12 October 2011

Where are they now? Part 4

Okay, I did three previous posts where I looked back at some of the bridge schemes I had covered in previous years, asking what had happened to them after I had mentioned to them. Here is the final such roundup, for now at least.

Kraków Footbridge
Now, here was a fine one. The winner of a 2006 design competition was much panned at the time, largely because its architect had designed something that couldn't possibly stand up. In November 2009, I noted the project had undergone an interesting metamorphosis, with the ultra-slender concept being substantially fattened up until a structure emerged which could actually cope with iniquitous gravity.

At the time, I commented that funding seemed uncertain, but there has clearly been enough money in the pot to treat the design very seriously indeed. There were a couple of papers at the recent Footbridge 2011 conference on the Kazimierz-Ludwinów bridge (to give it the proper title), both from the architect and the engineers. These showed clearly that considerable effort has gone into the structure's development, and I've used an image from one paper as the illustration (click to enlarge).

The engineer's paper reported that the bridge had a PLN 37m budget, but that the lowest tender received in 2009 was PLN 3m above that, leading to the scheme's cancellation. I'm not sure, however, whether that is the end of the story, or whether there is more life in this project yet.

St Patrick's Bridge, Calgary
The main bridge story in Calgary has been Santiago Calatrava's Peace Bridge, which has been a fiasco from beginning to end, except for the fact that the sorry tale seems so far to have no end in sight. I last discussed it extensively in April, reporting on delays caused by shoddy welding.

The footbridge scheme at St Patrick's Island was always seen as its better-organised neighbour, procured through an open design competition, and won in March 2010 by a bridge which obeyed the laws of structural common sense (pictured, design by Halsall and RFR).

That's pretty much all I can report. The bridge concept was approved by a city committee earlier this year, but I haven't seen any other news. The promoter's website suggests construction will start before the end of 2011, but I haven't seen any sign that construction tenders have been invited yet.

Four Mile Run
I was accused of being a little unkind to the US bridge design competition at Four Mile Run, when in November 2009, I used it as an example of "How not to run a bridge design competition". Amongst my complaints were the lack of any engineering information or justification for the structure; an opaque judging process; the lack of guidance as to what the promoters actually wanted; and the fact that no funding appeared to be in place to actually appoint a designer, let alone build the bridge.

In April 2010, the three contest winners were announced, with a proposal by Arup and Grimshaw coming top. I was too busy at the time to say much about the top three designs, all of which can be seen on the competition website. Since that announcement, the contest website has not been updated and I could find no further news, none of which is any surprise given how the competition was set up.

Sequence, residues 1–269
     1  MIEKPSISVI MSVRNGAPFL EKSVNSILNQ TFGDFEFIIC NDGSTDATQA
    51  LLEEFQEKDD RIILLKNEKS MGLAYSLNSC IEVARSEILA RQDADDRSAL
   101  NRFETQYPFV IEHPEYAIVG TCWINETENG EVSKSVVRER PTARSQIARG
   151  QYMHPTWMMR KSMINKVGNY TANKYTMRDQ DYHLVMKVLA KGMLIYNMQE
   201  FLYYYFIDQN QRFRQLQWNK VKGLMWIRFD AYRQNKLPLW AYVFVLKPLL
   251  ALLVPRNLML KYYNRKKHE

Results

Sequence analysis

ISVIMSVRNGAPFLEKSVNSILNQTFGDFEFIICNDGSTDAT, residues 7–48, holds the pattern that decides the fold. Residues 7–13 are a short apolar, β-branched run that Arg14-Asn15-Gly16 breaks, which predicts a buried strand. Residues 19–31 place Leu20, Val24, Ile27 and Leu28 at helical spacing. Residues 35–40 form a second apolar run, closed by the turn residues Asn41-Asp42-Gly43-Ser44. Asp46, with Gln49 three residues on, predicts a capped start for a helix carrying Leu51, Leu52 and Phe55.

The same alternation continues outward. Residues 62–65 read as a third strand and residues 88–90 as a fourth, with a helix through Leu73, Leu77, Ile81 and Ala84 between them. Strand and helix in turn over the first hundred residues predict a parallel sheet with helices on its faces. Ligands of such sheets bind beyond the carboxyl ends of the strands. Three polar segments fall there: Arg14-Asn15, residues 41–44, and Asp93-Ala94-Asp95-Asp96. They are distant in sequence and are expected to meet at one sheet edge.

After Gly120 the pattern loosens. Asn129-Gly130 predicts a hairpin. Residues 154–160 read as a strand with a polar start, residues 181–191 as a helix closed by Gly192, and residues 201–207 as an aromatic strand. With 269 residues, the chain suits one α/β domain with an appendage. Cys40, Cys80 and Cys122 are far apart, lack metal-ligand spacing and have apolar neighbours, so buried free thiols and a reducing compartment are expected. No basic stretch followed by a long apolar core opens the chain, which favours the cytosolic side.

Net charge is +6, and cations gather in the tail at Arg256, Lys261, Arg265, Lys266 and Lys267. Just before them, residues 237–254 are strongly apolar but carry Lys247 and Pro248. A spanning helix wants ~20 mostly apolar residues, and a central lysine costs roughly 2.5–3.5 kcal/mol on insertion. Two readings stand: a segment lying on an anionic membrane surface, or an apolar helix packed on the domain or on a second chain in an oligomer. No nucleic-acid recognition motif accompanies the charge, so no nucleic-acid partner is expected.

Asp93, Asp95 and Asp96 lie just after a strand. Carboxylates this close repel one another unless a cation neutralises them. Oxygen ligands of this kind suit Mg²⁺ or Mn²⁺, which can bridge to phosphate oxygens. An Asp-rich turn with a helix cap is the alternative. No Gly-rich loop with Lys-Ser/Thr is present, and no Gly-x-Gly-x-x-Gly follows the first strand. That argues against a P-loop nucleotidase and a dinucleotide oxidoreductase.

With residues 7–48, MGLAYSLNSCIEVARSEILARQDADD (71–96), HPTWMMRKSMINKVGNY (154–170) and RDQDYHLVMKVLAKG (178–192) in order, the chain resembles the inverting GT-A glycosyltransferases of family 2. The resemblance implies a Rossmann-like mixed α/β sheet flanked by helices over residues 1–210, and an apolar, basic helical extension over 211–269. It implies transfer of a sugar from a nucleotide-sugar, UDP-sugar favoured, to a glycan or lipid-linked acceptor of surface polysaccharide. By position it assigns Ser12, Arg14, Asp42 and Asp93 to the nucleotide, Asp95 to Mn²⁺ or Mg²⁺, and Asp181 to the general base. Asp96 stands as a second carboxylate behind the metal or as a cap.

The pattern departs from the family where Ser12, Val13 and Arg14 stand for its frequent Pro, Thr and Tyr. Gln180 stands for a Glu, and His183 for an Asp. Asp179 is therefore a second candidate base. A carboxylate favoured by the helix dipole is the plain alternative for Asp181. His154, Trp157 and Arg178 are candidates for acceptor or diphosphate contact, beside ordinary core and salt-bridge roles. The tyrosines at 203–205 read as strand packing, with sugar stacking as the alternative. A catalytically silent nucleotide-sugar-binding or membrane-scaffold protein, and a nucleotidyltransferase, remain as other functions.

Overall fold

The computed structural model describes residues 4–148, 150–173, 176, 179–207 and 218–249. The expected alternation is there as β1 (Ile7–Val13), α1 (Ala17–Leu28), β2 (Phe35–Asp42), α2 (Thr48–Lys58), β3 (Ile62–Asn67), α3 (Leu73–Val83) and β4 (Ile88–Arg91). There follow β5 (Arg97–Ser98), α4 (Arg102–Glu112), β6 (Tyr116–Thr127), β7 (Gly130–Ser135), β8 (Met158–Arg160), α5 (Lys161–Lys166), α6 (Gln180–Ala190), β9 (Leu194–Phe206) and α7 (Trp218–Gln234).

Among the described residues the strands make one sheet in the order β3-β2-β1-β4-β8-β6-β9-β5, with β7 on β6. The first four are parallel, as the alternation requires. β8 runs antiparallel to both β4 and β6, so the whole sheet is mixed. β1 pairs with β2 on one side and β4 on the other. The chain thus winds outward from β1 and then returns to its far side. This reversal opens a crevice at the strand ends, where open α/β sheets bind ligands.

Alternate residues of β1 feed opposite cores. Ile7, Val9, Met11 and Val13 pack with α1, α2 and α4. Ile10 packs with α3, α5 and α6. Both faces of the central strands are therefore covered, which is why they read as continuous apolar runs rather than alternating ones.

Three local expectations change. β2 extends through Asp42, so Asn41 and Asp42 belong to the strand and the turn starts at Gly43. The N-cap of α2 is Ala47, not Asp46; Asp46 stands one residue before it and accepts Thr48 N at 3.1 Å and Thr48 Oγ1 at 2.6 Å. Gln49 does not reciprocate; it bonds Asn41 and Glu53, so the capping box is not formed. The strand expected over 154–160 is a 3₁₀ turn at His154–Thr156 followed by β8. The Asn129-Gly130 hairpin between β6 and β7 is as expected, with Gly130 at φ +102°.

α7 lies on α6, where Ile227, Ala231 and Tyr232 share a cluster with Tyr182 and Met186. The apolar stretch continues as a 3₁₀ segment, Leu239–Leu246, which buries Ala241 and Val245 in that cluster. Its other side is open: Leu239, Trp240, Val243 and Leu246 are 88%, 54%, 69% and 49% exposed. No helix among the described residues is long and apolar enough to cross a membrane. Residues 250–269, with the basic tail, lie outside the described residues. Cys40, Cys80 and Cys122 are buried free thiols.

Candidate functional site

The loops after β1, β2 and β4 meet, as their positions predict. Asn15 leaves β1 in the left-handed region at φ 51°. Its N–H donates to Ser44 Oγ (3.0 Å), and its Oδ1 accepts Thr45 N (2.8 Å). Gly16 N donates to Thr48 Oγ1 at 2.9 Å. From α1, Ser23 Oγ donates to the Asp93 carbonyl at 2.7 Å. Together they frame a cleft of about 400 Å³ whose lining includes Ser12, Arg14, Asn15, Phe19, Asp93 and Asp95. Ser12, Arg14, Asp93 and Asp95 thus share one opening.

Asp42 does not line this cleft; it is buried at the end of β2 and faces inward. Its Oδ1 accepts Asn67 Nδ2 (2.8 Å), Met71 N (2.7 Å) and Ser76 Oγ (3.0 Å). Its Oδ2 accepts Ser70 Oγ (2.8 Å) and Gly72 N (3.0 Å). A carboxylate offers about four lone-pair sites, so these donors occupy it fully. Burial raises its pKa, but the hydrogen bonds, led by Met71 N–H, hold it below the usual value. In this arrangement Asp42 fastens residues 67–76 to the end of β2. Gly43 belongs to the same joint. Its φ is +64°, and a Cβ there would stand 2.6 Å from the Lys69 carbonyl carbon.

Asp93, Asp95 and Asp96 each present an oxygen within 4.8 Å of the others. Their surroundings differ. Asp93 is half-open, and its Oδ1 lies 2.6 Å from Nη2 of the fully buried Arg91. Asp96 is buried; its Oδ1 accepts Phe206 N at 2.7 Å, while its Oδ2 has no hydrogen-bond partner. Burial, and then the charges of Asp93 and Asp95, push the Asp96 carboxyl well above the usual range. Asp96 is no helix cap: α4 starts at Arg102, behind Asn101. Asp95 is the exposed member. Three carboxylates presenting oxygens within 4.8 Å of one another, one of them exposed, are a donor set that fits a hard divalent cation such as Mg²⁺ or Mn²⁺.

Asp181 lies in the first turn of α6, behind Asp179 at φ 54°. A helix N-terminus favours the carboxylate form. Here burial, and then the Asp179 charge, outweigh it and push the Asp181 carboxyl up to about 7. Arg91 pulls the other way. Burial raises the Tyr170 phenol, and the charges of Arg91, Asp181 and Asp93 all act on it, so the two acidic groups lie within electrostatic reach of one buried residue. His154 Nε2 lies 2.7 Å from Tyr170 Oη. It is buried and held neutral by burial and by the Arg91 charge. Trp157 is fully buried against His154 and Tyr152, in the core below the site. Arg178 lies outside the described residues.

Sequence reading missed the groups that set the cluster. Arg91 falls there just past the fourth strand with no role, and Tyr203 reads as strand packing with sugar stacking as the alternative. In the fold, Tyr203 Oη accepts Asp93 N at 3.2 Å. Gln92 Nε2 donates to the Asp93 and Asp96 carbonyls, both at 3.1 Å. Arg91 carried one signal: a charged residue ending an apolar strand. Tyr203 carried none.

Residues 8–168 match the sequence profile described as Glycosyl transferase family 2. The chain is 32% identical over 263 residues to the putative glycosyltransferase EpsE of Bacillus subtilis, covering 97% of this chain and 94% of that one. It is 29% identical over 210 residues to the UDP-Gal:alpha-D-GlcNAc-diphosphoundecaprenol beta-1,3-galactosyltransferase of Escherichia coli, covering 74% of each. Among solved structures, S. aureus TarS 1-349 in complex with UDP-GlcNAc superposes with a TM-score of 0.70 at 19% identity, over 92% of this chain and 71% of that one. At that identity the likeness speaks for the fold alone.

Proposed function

Since I was so remiss at the time, here are the three shortlisted designs:

Arup / Grimshaw / Scape

Olin / Buro Happold / Explorations Architecture / L'Observatoire International

Rosales + Partners / Schlaich Bergermann / Simpson Gumpertz and Heger

New Royal Victoria Dock contest
Very near the end of 2009, I discussed a "competition" being held for a proposed new crossing of Royal Victoria Dock in London, to improve pedestrian access to an exhibition centre during the 2012 London Olympics. Entrants were being sought via an odd sort of competitive interview where teams were set a design challenge and observed in how they responded to it. I never covered the subject again.

It turns out that the contest was won by Ian Ritchie Architects and Atelier One. They came up with several ideas, such as pontoon structures and opening bridges, as well as the one pictured here, described as a "water boatman" bridge, essentially a ferry or cable-car structure re-imagined in rotational rather than translational space. Apparently, all involved with the scheme agreed this was the option which would be taken forward, but pressure on Olympic project costs then led to the entire scheme being cancelled.


Anonymous said...

I know that Four Mile came down to the client wanting a complete landmark design for less than $400K, which, although I'd like to see bridge projects be cheaper good design takes time and effort, so I doubt the winning entry will be built.

I have a feeling that this will be redesigned and end up being a simpler structure, without the landmark detailing.

So much for having a design competition and wasting the money on that than just appointing a designer and providing a greater budget for the actual design.

The Happy Pontist said...

There are many instances where a client runs a bridge design competition to obtain an aspirational design which is ill-matched to their budget, but Four Mile did seem particularly half-cocked.